I will pronounce judgment
    on my people for all their evil—
for deserting me and burning incense to other gods.
    Yes, they worship idols made with their own hands! 

Get up and prepare for action.
    Go out and tell them everything I tell you to say.
Do not be afraid of them,
    or I will make you look foolish in front of them.
For see, today I have made you strong
    like a fortified city that cannot be captured,
    like an iron pillar or a bronze wall.
You will stand against the whole land—
    the kings, officials, priests, and people of Judah.
They will fight you, but they will fail.

    For I am with you, and I will take care of you.
    I, the Lord, have spoken! (1:16-19)

God says that He is "watching, and I will certainly carry out all my plans." (1:12)

God is watching.  I draw great comfort from that but also a sense of impending doom.  God doesn't just sit idly by, like an indulgent parent, and watch His children run amok.  He also doesn't just sit there, lightning bolts in hand, ready at the drop of a hat to smite His own.  

He watches, warns and waits, with His Word being sent out. In America, despite many of its churches having been co-opted by the culture, there are many where the Gospel is central and it is being preached without apology:  that Jesus bore the wrath for our sins on the cross; that He died, was buried and resurrected and that new life in Him is available to those who humble themselves before God. 

 But did Judah listen?  Are we listening?  Or, are we, like Judah, too involved with our gods to notice God's warnings and hear His call to repent and return?  

Are we, who want to really follow Jesus, too afraid if we step out and call a sin a sin that we will be left out in the cultural cold?  What does God tell Jeremiah that he will be?  "Strong." 

God calls him a "fortified city"; an "iron pillar" and a "bronze wall."  Not only that, God will provide the words for Jeremiah to speak. 

Jesus promises the same to us:   

The one who is victorious I will make a pillar in the temple of my God. Never again will they leave it. I will write on them the name of my God and the name of the city of my God, the new Jerusalem, which is coming down out of heaven from my God; and I will also write on them my new name. (Rev. 3:12)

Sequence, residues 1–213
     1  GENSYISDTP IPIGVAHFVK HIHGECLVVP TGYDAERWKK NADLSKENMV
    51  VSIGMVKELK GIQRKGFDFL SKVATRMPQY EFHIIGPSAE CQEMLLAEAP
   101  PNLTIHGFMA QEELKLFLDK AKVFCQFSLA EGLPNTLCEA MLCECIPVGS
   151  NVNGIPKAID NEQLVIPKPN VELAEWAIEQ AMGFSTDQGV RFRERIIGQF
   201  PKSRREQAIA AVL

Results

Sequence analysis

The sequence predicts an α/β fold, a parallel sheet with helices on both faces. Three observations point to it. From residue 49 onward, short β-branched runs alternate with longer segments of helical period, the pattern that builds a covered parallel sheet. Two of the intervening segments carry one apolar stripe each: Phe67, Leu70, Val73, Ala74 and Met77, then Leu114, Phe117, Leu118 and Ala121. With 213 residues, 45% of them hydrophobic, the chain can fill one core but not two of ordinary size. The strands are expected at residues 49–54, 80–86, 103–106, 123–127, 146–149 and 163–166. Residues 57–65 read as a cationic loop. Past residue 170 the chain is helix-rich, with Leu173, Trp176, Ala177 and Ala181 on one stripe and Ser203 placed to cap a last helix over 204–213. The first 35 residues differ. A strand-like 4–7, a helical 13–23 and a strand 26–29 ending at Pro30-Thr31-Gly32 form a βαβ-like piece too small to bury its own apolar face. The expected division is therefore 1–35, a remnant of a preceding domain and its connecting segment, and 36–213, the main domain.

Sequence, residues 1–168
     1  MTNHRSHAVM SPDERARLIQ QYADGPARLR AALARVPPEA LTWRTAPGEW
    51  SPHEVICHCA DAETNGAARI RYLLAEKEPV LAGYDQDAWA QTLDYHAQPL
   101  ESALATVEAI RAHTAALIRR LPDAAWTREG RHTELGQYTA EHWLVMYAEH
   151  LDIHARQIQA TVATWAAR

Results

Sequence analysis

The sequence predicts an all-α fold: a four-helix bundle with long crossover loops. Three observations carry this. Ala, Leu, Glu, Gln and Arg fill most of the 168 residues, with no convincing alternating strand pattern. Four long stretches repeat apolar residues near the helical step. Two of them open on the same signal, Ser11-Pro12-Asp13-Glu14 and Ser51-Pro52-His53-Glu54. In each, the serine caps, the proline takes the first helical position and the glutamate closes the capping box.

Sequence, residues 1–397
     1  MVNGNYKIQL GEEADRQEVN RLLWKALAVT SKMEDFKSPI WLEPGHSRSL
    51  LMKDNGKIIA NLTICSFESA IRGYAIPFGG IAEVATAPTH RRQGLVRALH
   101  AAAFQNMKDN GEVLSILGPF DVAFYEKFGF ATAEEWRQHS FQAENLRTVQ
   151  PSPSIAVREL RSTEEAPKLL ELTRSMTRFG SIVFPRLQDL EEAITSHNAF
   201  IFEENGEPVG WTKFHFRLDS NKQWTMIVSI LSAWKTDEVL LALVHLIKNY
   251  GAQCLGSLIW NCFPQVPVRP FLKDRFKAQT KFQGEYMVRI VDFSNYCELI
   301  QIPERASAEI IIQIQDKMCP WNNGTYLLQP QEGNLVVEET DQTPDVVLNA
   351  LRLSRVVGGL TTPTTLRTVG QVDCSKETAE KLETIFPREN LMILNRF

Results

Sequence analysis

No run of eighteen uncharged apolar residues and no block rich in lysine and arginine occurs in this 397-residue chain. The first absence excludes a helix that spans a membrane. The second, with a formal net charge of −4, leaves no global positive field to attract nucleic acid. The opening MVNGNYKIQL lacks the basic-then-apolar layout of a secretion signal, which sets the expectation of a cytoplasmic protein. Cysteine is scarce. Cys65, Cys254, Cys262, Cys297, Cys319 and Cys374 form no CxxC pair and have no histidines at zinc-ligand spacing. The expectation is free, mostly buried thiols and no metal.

Jesus wants us to rest on His provision as we speak out:

On my account you will be brought before governors and kings as witnesses to them and to the Gentiles. But when they arrest you, do not worry about what to say or how to say it. At that time you will be given what to say, for it will not be you speaking, but the Spirit of your Father speaking through you. (Matt. 10:18-20)

One final thought:  What exactly does the word "repent" mean?

It comes from the Hebrew word, naham, which means to "repent, comfort."  Vine's Dictionary is instructive here: "Scholars assert several views in trying to ascertain the meaning of naham by connecting the world of a change of the heart or disposition, a change of mind, a change of purpose, an an emphasis upon the change of one's conduct." (Vine's, 201)

A change.  Not any old change, but a change emanating from deep within the mind and heart.  A change that shows the warning has been listened to and acted upon.  A change that shows that the current course of action was no longer satisfactory to God and a change was merited.  

A change of heart.

A change of mind. 

A change of purpose.

A change of conduct.

Repenting is not changing for the sake of change, or to try a newer, faddish idea, whim or program.  It is a change coming from a heart that has become tender to the voice of God and His Word, and is being replaced with His heart:

I will give you a new heart and put a new spirit in you; I will remove from you your heart of stone and give you a heart of flesh. (Ezekiel 36:26)

Will Judah repent?  Jeremiah starts out hopeful.  

Will we repent?  I am not so hopeful anymore.